Viewers: in countries Watching now:
Digital video is a medium that is now available to almost everyone. It can be captured on anything from a mobile phone to a high-definition camera, and published anywhere from YouTube to Blu-ray discs. In Premiere Elements 4 Essential Training, Adobe Certified Instructor Chad Perkins explores all the video editing capabilities of Premiere Elements 4. Chad starts with a real-world sample project, then covers techniques for importing and editing video; and adding effects, transitions, and animation. He concludes with a final project incorporating all the steps, including exporting and posting. Exercise files accompany the course.
In this movie, we're going to look at the Project View. Now I have already kind of gone ahead and set some of this stuff up for you. So if you like to follow along you can use the Project View Project found in the Chapter 03 folder of the exercise files and again if you want to open it up by going to File, Open Project. Now as I mentioned and just like with the Organizer you could also import footage using the Project View. So again, we're going to go over the Tasks panel, the Edit Workspace click on the Media button and click on the Project button to open the Project View and then just go to a blank area somewhere where there's just grey space here in the Project View and double click and that will open up the Add Media Dialog Box as well, but I figured since we have been doing a lot of importing in this chapter I just save you that step.
I have imported several movie clips and I have also imported a still image and an audio clip. Now I actually prefer to work in the Project View. It's very well organized. It gives me all the information I want to know at just a glance. It tells me the Media Type right here- Movie, Movie, Movie, Still Image, Audio- right there at a glance. I don't have to guess. I don't have to know the icons. It just tells me. Another thing that's very important. Let's say I drag this piece of footage. The komodo dragon head turn, I drag and drop in the Sceneline. Look at this. As soon as I use it in my project I get a little green checkmark here.
This is really good. Let's say you bring in a piece of footage and you know that you need to use it. Well if there is not a checkmark there it's not anywhere in your project. So this is a good way to come and just at a glance know what is being used and what is not being used in your project. Now, not only does it tell you the name of the file if it's being used or not and the Media Type, which is already really important, but if we drag out a little bit farther we can see that it tells us the Frame Rate. In other words how many frames per second or the sample rate in the case of the audio file and also the Media Duration, how long the clip is.
So this is 32 seconds and 20 frames, 17 seconds and 5 frames and so forth and how many times it's used, how many times its audio is used and if you have a Comment there it goes in this little spot right there. Just click in the box and just say 'this is a cool clip' or whatever you want to say. So that way you know maybe this is the good clip to use. This is the bad clip. Use this one temporally. Whatever comments you want to leave to yourself you can put here and so already you're started to see why I prefer the Project View here. Another thing of these three buttons here.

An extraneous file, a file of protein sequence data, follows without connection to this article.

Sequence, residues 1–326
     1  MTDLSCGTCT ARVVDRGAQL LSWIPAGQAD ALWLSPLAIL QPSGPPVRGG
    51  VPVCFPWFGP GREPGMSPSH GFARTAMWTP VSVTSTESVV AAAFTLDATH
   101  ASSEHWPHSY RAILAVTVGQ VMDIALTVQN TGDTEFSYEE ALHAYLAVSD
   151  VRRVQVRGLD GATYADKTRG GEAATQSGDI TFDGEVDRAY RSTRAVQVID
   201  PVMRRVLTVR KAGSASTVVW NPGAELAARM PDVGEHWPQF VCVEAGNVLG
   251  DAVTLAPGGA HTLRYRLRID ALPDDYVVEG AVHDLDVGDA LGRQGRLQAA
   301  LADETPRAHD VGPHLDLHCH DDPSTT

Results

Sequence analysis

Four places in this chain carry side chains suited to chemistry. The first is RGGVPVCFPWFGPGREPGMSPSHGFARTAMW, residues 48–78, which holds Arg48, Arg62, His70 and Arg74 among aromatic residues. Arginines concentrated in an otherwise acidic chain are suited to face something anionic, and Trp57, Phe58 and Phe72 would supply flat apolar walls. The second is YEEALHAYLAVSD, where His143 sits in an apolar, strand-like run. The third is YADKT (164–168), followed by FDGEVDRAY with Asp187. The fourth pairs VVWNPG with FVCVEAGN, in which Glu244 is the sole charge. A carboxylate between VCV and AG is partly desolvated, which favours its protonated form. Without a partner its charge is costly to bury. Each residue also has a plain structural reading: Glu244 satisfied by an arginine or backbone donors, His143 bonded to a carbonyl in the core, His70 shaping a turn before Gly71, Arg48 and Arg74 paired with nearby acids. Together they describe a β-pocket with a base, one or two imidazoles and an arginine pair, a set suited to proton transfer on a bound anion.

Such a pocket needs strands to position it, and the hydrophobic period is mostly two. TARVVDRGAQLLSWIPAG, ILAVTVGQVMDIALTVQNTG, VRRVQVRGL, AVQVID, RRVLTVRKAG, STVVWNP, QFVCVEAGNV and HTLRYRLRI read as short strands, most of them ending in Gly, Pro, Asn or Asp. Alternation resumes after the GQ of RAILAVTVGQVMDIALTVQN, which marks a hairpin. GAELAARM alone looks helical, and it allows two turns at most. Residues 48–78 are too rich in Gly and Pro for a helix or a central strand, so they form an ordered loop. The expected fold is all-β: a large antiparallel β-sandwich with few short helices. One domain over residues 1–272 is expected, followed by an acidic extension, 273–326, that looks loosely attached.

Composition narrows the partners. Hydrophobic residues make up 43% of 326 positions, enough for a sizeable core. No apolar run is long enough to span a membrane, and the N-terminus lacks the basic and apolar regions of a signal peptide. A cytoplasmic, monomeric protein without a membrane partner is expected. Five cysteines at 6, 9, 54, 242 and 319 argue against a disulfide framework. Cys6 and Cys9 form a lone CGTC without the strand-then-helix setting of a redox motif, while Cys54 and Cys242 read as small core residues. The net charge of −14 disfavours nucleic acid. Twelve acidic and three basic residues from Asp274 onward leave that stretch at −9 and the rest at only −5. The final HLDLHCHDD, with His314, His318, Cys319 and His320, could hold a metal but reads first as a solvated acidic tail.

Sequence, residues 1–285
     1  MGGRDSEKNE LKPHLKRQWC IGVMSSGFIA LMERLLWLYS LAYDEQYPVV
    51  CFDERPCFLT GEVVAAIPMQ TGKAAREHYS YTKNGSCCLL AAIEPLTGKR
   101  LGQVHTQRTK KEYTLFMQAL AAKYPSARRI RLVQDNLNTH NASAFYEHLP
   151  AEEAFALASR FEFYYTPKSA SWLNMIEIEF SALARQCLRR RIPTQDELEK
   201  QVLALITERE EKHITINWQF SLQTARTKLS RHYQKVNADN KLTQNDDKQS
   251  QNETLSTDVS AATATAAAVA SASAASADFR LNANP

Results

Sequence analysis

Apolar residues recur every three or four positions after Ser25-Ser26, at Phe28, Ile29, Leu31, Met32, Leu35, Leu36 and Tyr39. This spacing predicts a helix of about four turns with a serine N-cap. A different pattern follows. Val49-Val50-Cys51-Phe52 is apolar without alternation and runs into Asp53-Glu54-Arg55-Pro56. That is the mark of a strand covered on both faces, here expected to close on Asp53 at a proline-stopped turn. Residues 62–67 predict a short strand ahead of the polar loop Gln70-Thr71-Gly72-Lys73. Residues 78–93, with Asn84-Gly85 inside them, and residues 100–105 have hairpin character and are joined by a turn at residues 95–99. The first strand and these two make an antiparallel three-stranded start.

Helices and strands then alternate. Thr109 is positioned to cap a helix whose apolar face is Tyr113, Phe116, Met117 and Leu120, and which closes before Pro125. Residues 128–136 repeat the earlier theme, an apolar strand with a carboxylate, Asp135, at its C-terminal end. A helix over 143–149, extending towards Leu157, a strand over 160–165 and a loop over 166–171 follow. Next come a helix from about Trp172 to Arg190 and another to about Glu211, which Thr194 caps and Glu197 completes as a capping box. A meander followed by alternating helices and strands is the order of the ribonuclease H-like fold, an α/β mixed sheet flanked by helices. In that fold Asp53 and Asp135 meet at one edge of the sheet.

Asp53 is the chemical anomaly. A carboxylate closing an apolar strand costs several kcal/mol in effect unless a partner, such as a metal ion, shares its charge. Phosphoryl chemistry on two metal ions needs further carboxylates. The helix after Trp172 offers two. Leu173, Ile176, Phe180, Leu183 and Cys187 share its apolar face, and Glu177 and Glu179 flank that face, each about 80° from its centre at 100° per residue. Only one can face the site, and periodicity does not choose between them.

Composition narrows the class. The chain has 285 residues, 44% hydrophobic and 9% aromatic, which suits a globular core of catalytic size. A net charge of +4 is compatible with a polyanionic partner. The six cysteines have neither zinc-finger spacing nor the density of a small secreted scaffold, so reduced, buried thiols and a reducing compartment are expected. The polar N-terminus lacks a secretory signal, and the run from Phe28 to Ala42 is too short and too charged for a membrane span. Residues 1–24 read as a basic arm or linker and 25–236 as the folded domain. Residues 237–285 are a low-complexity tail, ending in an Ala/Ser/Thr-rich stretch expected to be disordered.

If we want to see just video, we can click that. If we want to see just our audio, we click the speaker and if we want to see just the images, we can click that and as you could see they are not mutually exclusive so we could see just the images and audio or just the video and the audio or what have you. So I'm just going to deselect all those so we're seeing all of our media. Another thing that we can do is change the view. Right now, we're in the List View which is the view I actually prefer to work in. We could actually see the Icon View as well. So we can maybe arrange these movies around.
So we can kind of reorder these here looking at these big thumbnails. Also, if they have like this waveform at the bottom that means that video clip also has audio as well. Now I'm going to switch back to List View. One of the thing about the Project View that's very helpful is the ability to create folders. So you can click a folder here and let's say I call this 'videos,' hit Enter. What I can do I could just click and drag and drop videos into this folder. Now I can keep my project really nice, neat, organized, tidy, etcetera.
So if I need to get something in a pinch, I know exactly where to go. I go to videos, etcetera. Or maybe you could this to komodo dragon videos or animal videos or people videos or whatever you want that deals with your project and that is a tour through the Project View.
There are currently no FAQs about Premiere Elements 4 Essential Training.
Access exercise files from a button right under the course name.
Search within course videos and transcripts, and jump right to the results.
Remove icons showing you already watched videos if you want to start over.
Make the video wide, narrow, full-screen, or pop the player out of the page into its own window.
Click on text in the transcript to jump to that spot in the video. As the video plays, the relevant spot in the transcript will be highlighted.